Kiatisak Senamuang, known in Thailand as the “Thai Zico,” became the first Thai to play for a major European League team. H played for Middlesborough in the English Premier League. In game between the Thai national team and Arsenal he scored two goals.

In August 2009, substitute Sutee Suksomkit scored a stunning second-half equaliser to earn Thailand a surprise 1-1 draw with Premier League Liverpool, 18 times English champions, in a game played in wet and humid conditions in Bangkok. Reuters reported: “ Thailand drew level when substitute Sutee combined with striker Teerasul Dangda in the 71st minute to split the Liverpool defence, before executing a clinical finish into the bottom left-hand corner. The Thai team was coached by former England international Peter Reid.

Thaksin and Manchester City

In July 2007, former Thailand prime minister Thaksin Shinawatra purchased Manchester City, a soccer team in the English Premier League, for $182 million. The move came as corruption charges were being filed against Thaksin at home in Thailand. Where Thaksin got the fund to buy the team was an issue because most of his reported family assets were frozen in Thailand. On disclosure forms he didn’t declare any foreign assets, Thaksin told reporters, the money used to buy Manchester City “is still a mystery to Thailand.”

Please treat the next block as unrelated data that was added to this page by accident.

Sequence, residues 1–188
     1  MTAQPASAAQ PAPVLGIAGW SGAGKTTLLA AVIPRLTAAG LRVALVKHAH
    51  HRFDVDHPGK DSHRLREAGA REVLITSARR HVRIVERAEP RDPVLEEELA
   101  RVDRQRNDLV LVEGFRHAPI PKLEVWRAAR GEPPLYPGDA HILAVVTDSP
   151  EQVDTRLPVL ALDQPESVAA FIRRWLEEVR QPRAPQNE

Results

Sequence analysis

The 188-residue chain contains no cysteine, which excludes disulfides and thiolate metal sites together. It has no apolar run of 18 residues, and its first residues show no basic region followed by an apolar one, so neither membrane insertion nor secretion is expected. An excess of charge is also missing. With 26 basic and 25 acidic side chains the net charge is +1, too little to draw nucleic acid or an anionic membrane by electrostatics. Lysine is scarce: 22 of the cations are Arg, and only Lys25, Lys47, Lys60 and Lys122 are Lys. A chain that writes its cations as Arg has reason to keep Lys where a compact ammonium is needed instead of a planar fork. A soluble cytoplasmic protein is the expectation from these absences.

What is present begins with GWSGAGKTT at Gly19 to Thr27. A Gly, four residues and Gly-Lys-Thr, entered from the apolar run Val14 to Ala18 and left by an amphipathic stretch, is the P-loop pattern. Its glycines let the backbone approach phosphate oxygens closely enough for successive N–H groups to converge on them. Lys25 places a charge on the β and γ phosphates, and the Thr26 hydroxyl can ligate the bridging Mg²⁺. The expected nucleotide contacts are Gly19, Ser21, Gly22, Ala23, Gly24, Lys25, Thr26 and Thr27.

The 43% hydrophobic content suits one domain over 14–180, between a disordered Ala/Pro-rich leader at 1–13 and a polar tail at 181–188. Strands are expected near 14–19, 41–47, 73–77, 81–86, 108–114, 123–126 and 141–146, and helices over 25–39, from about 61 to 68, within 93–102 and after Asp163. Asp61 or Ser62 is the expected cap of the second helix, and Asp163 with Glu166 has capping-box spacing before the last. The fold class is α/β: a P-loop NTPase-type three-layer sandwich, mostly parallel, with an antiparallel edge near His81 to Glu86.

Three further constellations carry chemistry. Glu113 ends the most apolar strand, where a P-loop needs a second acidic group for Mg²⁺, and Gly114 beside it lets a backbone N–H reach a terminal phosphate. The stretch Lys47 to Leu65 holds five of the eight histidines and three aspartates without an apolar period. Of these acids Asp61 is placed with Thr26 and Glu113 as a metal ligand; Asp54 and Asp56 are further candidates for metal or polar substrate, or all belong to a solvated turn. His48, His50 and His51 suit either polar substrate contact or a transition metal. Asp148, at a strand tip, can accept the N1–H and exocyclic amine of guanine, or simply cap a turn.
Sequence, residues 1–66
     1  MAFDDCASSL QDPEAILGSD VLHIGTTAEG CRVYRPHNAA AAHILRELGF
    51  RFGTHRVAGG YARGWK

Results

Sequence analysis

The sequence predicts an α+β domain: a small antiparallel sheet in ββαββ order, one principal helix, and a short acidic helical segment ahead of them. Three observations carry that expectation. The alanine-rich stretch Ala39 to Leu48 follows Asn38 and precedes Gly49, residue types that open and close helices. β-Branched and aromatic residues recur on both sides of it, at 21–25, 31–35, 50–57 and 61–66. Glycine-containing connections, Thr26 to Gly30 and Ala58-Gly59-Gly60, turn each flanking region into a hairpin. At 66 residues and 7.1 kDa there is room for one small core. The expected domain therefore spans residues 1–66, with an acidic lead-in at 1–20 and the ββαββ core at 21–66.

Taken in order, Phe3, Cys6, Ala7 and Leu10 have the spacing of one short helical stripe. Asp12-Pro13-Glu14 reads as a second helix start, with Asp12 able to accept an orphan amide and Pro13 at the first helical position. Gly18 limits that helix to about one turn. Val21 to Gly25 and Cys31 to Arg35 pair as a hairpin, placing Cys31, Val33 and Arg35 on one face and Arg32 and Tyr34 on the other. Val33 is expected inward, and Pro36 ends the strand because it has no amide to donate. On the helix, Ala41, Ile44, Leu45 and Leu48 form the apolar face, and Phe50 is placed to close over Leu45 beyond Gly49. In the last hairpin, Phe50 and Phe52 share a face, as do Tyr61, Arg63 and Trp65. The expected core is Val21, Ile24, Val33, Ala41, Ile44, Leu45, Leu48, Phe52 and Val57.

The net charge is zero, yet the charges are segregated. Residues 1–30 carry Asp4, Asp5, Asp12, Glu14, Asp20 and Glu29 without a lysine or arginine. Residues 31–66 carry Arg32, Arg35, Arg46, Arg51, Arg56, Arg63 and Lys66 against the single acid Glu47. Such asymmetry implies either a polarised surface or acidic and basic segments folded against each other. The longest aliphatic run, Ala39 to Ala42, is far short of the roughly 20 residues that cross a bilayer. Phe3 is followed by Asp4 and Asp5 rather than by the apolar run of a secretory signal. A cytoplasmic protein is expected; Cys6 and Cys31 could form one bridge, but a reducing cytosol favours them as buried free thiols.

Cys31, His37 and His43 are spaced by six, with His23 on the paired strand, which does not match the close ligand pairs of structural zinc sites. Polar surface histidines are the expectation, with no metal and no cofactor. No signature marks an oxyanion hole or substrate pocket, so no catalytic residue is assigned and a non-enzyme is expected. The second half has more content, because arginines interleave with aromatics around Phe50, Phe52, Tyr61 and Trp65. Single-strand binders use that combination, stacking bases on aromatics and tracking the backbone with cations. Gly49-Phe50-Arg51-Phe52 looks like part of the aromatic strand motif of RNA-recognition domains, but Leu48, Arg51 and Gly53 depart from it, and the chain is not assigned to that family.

Thaksin hired a European coach and spent big money for played like Robinho, a Brazilian star that he lured away from Real Madrid. Even with a big payroll Manchester City was still a mediocre team that pulled off a couple of upsets but was also beaten by weak teams and ended up in the middle of the division.